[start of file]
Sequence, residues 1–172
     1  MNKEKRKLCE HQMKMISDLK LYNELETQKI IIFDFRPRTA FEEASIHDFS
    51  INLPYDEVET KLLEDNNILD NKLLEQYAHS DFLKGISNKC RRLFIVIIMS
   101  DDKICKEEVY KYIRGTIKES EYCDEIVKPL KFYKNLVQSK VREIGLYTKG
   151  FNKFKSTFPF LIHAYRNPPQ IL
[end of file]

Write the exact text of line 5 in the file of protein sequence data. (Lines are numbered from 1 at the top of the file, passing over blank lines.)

   151  FNKFKSTFPF LIHAYRNPPQ IL